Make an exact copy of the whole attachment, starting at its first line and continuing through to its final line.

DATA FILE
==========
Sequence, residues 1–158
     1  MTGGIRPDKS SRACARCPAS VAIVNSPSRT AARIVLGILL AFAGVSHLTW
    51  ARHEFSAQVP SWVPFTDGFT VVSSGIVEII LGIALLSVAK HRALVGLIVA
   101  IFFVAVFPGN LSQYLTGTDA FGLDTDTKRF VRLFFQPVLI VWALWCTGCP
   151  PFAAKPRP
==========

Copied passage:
Sequence, residues 1–158
     1  MTGGIRPDKS SRACARCPAS VAIVNSPSRT AARIVLGILL AFAGVSHLTW
    51  ARHEFSAQVP SWVPFTDGFT VVSSGIVEII LGIALLSVAK HRALVGLIVA
   101  IFFVAVFPGN LSQYLTGTDA FGLDTDTKRF VRLFFQPVLI VWALWCTGCP
   151  PFAAKPRP